14. 14
    lochaber

    I’m pretty sure using a pressure cooker is more efficient fuel-wise (that alone is probably a reason they aren’t popular in the U.S. :/

    I can’t remember the specifics, but I’m pretty sure I’ve seen them recomended for certain types of camping/off the grid living or such, mostly due to them being more efficient.

    I don’t really know anything about how they affect flavor and what not, I’m pretty minimalist/utilitarian about my cooking – I do it to kill parasites and pathogens. If the food doesn’t turn out horrible tasting, that’s just an added bonus.

    And as to what daved said, you don’t even have to go with pressure cookers, just leave unattended bags lying around. Almost everywhere I go, (public transportation, work place, universities, etc.) there are announcements/signs/messages/emails ad naseum to report ‘suspicious or unattended packages’. Every couple months or so, I’ll run across some account in the news where they evacuated some area, and shot up an abandoned backpack, and after it failed to explode, inspected it, and just found a bunch of (now bullet-ridden) clothing or something.

    The terrorists really don’t have to do anything else. They haven’t had to for the past 12 years or so. They won. The entire U.S. populace is jumping at shadows and willing to dismissing most of the constitution wholesale.

    ‘Land of the free and home of the brave…’ maybe if we keep yelling it loud enough, it will actually come true.

    :(

  15. 15
    badgersdaughter

    Taking a pressure cooker through an airport? I admit I’m confused about that. I can make a plausible case for “Mom misses the kind we had at home that you can’t find where we live now”, maybe, but I’ve had European pressure cookers for years that I just ordered online. It’s not like they’re uncommon in the US.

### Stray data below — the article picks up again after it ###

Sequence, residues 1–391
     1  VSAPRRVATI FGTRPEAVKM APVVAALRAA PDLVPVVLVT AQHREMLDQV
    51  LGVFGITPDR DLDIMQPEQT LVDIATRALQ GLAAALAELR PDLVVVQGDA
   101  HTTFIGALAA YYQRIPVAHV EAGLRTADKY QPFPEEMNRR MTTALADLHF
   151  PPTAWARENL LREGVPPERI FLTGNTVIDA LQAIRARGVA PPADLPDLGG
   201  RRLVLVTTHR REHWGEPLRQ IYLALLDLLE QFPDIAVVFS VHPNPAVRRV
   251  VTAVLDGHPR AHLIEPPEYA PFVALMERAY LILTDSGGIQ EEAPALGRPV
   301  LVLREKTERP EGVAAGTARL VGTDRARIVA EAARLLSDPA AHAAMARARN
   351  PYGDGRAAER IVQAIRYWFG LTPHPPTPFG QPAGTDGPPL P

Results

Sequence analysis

16. 16
    badgersdaughter

    That said, I don’t see any problem if you want to drag the cumbersome thing along with you while traveling; I don’t think anyone should be harassed for doing it; I just don’t see why you’d actually want to.

  17. 17
    Corvus illustris

    The instruction book that comes with the cooker warns you not to use it to cook anything that tends to foam, and gives beans as an example. They know whereof they speak. At some time, the late first Mrs Corva’s mother (whose native language was not English and who may not have RTFM) attempted to pressure-cook beans, whose foam did indeed clog the weighted vent. The safety valve blew, blasting beans at the ceiling. Marks were still visible when Mrs C and I got together.

  18. 18
    Marcus Ranum

    Yipe!

    I haven’t had a problem. But now I wonder where I left the manual.

Leave a Reply

Your email address will not be published. Required fields are marked *

You may use these HTML tags and attributes: <a href="" title=""> <abbr title=""> <acronym title=""> <b> <blockquote cite=""> <cite> <code> <del datetime=""> <em> <i> <q cite=""> <strike> <strong>